Four Awesome IIS 8.5 New Features

Posted by: Pravinkumar Dabade , on 3/14/2014, in Category ASP.NET
Views: 81864
Abstract: IIS 8.5 comes with some cool new features that makes hosting and managing websites much easier. This article discusses four new IIS 8.5 features that website admins will absolutely love

IIS has been around for more than 17 years, ever since its first release in Windows NT 3.51. It started out as a basic HTTP server and has evolved to a fully configurable, highly secure and high-performing webserver. You can pretty much host anything on IIS; right from media streaming to hosting scalable web applications.

With the release of Windows Server 2012 R2 and Windows 8.1, a new version of IIS – version 8.5 has been launched which contains several new and exciting features. Some of the new features are listed below –

  • Dynamic Website Activation in IIS 8.5
  • Idle worker process Page-Out in IIS 8.5
  • Enhanced Logging for IIS 8.5
  • Logging to Event Tracing for Windows in IIS 8.5

In this article, we will discuss some of these new features and also see them in action. We will compare these new features with IIS 8.0 which was released with Windows Server 2012, almost a year before R2 was released. Although I have explored these new features in Windows 8.1, you can easily replicate them in Windows Server 2012 R2.

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Dynamic Website Activation in IIS 8.5

While using IIS 8.0 in Windows Server 2012, if you are hosting a number of websites, IIS will activate all the websites which are configured in it, during a system boot-up. The good thing about automatic activation of all the configured sites is that they are ready to respond whenever the first request arrives. But there is also a downside to automatic activation. The first being, it takes a bit of time to load the IIS configuration file and activate all the sites. This is because the Windows Process Activation Service (WAS) has to load the configuration of all websites hosted on IIS. Second being the sites which are activated, consume a lot of memory. Many of these sites may be requested instantly but what about the sites which are not at all called or are called after a certain time period. The activation time and memory consumption is unnecessary in that situation.

Let’s observe IIS 8.0 activation. I have preconfigured 12 sites on IIS 8.0. Now I am opening PowerShell and writing below command to check the service state running under IIS 8.0 –


After running this command, you will see all the 12 sites are queued up as shown below –


When you have a couple of hundred of websites hosted on your server, it makes sense to activate the website when the first request is made for it. By addressing this problem, IIS 8.5 has now introduced a new feature called as the “Dynamic Website Activation”.

With Dynamic Website Activation, IIS 8.5 does not activate all sites during boot-up time. Rather IIS will activate the site when the first request is received by it. This activation may take some time initially, but after that all other subsequent requests will respond as expected. This will reduce the consumption of memory and unused resources which would unnecessarily occur during boot-up time, especially for those websites that are accessed rarely or not accessed at all.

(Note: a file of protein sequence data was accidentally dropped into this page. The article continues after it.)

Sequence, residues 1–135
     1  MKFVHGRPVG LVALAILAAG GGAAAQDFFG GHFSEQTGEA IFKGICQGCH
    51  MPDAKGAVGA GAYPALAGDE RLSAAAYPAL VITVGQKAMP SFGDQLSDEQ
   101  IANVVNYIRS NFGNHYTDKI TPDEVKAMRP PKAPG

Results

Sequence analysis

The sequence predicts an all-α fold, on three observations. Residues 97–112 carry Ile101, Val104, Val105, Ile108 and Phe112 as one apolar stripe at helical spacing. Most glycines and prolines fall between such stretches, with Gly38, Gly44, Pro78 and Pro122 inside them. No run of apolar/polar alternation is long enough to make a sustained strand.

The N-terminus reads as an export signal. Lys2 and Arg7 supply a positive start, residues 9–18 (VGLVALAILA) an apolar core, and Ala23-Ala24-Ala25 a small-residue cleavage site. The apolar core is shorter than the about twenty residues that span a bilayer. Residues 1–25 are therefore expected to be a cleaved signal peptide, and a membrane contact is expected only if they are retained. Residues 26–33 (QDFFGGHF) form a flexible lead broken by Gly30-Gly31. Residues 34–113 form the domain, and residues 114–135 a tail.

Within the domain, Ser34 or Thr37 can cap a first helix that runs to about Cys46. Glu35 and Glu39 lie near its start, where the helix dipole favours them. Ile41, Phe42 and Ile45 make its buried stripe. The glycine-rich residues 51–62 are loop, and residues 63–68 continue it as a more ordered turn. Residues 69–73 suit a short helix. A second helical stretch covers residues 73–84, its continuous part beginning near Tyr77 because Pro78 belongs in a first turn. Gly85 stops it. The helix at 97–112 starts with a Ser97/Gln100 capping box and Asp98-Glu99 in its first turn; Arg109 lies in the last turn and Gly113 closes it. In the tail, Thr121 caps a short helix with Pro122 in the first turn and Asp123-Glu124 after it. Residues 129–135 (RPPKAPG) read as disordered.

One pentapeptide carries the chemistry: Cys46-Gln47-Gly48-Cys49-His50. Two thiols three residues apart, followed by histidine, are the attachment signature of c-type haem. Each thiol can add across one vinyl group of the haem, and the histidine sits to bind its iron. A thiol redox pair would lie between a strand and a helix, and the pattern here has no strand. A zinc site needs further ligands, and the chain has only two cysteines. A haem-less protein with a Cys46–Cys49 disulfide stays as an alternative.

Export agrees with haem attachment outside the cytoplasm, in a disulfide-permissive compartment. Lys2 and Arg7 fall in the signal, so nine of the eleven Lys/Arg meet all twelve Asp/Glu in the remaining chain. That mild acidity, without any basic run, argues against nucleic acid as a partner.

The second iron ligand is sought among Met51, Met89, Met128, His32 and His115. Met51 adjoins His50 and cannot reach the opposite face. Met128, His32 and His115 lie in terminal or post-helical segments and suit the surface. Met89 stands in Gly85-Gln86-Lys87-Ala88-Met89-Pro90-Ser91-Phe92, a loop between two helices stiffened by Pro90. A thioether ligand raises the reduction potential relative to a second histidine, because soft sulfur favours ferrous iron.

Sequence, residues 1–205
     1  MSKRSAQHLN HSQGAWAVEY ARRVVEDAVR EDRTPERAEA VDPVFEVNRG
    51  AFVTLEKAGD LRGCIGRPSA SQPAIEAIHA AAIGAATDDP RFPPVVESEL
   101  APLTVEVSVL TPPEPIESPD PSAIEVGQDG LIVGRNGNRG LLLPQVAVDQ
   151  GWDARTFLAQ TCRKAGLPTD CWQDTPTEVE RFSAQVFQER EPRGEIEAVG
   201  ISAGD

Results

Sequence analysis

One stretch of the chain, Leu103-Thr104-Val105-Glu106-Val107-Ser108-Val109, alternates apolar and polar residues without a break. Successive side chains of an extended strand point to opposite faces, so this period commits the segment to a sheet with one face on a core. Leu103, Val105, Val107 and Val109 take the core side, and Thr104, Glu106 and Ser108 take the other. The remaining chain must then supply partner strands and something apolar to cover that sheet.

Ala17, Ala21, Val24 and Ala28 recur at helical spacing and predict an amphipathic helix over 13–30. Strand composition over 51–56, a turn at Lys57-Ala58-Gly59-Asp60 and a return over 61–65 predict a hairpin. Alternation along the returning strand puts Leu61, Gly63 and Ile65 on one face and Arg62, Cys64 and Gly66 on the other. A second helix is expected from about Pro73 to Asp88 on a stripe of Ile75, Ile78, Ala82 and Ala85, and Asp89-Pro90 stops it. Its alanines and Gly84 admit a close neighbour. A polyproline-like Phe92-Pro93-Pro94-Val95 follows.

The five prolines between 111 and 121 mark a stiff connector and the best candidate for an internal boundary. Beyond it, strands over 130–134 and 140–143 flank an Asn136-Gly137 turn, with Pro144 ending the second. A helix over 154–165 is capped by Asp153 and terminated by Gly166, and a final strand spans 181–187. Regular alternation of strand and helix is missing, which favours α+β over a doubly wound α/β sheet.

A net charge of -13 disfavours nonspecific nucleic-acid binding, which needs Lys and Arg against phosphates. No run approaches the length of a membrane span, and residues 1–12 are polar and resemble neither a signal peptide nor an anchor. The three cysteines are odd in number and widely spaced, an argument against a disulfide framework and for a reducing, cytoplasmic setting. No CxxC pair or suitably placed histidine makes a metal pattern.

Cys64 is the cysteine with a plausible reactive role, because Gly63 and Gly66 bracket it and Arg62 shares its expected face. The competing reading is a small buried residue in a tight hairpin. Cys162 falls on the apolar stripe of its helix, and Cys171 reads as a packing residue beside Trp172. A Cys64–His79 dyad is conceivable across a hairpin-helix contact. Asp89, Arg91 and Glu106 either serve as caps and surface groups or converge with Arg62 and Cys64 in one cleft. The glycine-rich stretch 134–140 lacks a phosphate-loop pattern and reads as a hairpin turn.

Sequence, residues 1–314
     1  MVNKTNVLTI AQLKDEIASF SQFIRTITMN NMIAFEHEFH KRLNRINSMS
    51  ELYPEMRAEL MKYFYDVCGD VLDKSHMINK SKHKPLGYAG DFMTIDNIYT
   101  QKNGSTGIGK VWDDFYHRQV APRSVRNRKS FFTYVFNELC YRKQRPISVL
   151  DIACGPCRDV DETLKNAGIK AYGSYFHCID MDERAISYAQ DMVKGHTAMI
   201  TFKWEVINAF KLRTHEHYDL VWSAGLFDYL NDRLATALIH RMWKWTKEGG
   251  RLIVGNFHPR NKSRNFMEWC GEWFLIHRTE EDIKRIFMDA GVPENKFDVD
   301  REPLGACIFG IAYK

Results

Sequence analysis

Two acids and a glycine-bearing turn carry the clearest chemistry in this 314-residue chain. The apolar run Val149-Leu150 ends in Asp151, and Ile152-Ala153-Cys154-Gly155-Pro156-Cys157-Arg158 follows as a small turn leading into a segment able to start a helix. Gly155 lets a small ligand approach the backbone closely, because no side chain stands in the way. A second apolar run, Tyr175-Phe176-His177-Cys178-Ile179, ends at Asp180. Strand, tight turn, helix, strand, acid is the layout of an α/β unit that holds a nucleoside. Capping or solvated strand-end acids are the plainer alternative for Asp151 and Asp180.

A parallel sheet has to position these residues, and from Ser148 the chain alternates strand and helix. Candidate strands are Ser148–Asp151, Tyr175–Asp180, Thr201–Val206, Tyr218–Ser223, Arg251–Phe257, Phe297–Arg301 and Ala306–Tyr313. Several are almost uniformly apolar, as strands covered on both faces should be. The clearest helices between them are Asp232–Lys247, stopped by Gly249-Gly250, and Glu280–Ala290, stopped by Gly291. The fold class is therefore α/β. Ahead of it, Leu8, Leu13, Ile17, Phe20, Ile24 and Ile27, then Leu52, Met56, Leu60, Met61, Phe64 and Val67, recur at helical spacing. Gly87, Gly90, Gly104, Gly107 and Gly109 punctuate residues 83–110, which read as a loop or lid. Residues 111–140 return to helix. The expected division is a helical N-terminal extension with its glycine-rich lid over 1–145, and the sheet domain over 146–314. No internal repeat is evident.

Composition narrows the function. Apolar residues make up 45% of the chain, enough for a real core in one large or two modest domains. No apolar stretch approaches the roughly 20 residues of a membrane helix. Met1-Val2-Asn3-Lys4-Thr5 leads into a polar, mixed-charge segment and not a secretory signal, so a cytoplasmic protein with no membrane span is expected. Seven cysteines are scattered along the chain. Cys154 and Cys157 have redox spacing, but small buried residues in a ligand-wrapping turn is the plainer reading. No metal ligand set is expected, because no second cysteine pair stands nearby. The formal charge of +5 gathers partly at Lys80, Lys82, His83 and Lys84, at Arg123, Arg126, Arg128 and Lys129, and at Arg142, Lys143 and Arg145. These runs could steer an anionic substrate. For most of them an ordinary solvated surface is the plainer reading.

Setting Threshold

IIS 8.5 now lets you set the threshold while configuring dynamic website activation. Let’s see how this feature can be utilized.

Open IIS Manager. Choose Server in a Connection Pane located on the left hand side and from the Management Section in the right side, choose Configuration Editor as shown here:


Once you open the Configuration Editor, from the section dropdown list choose system.applicationHost and then the webLimits section as shown here:

web limits

This brings up the dynamic registration threshold which is by default set to 100 as shown below –


You can now change the value as per your requirement. When the threshold is set to 100 [this is default value] and if the number of sites are less than 100, IIS will by default activate all the sites. However in cases where you have 100 or more than 100 sites, IIS will activate each site when the first request is received for the site. When you change the threshold value, make sure you restart IIS.

Now let’s test the service state again now for IIS 8.5. I have preconfigured my IIS with the same 12 sites which I had configured in IIS 8.0 a short while ago. I have set the dynamic registration threshold to 5 just for testing purpose. I am running NetSh command in PowerShell –


The output is as shown below –


I have a total of 5 sites activated currently. If I start one more, my count will go to 6. This way IIS is only activating the site when the first request comes in, thereby reducing the consumption of resources.

Idle worker process Page-Out in IIS 8.5

In IIS 8.0, the administrator can set the timeout for the worker process when it is in an idle state. In one way, it is a good option as the process gets terminated due to inactivity, thereby freeing the resources associated with it. On the other hand, it is a disadvantage as well. When the site is accessed the next time, the worker process takes time to complete its startup process, which keeps the user waiting. Let’s check the timeout option of Application Pool in IIS 8.0 as shown below –